University of Genoa
Videos
Loading the player ...
  • Offer Profile
  • LIRA-Lab (Laboratorio Integrato di Robotica Avanzata) Laboratory for Integrated Advanced Robotics operates in the Department of Communication, Computer and Systems Science (DIST) of the University of Genova.

    The main research theme is artificial vision and sensory-motor coordination from a computational neuroscience perspective.
Product Portfolio
  • RobotCub

      • RobotCub is a 5 years long project funded by the European Commission through Unit E5 "Cognitive Systems, Interaction & Robotics". Our main goal is to study cognition through the implementation of a humanoid robot the size of a 3.5 year old child: the iCub. This is an open project in many different ways: we distribute the platform openly, we develop software open-source, and we are open to including new partners and form collaboration worldwide.

        RobotCub is a “success story” which led the consortium through 4 years of continuous and intense collaboration among 10 partners
        with background ranging from neurophysiology to engineering in the development of innovative technology (every component of the iCub has been specifi cally designed or customised) and cutting-edge science.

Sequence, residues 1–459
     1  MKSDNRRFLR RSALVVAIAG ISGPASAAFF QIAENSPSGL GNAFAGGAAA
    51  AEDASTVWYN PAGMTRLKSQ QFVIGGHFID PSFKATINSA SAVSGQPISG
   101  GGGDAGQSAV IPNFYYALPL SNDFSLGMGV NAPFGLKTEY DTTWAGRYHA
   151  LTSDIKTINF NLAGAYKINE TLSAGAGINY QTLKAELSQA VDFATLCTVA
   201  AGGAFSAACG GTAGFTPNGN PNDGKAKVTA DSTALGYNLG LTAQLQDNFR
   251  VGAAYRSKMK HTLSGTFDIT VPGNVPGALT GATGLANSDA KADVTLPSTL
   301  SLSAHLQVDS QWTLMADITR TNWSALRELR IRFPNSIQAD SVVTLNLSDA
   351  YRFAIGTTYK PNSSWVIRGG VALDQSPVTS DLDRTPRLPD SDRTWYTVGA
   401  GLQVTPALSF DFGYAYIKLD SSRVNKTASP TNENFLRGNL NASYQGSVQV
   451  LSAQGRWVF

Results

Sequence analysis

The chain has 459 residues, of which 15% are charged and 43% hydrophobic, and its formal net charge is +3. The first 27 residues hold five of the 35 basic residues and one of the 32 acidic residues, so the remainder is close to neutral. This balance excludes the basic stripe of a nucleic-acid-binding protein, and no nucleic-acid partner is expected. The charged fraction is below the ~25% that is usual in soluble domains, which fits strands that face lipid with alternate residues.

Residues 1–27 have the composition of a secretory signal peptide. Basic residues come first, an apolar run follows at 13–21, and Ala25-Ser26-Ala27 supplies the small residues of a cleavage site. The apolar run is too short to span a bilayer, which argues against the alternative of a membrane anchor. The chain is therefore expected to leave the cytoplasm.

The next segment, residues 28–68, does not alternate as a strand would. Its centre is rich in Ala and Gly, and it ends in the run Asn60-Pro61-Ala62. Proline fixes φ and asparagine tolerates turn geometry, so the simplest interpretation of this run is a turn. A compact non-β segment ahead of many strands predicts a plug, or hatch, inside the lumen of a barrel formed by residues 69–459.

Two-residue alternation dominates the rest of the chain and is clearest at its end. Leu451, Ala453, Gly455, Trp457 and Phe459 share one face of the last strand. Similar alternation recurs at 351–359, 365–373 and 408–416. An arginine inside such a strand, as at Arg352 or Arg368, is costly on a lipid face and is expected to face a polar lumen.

Our technology is distributed openly following a GPL license. There is an important component devoted to the support of the open nature of the iCub by establishing an international research and training facility in Genoa at the Italian Institute of Technology. In addition to updating the iCub design, it will maintain at least three complete iCubs to allow scientists from around the world to use it for experimental research before committing to building their own iCub. The research and training facility will also provide a programme of training courses for scientists and students on building, using, and developing the iCub cognitive capabilities.

        To help researchers get their own copy of the iCub, the RobotCub project has launched an Open Call. Six successful proposers have been awarded with a complete iCub “kit” free of charge. These robots will be available to research centers in Europe. Additional robots will be built as part of other IST FP7 projects and we are negotiating several requests also from US and Japan. The iCub middleware and, in general, some of its technology is now used worldwide even outside the original domain of humanoid robotics. A lively community of users is actively contributing to the first complete open source humanoid design.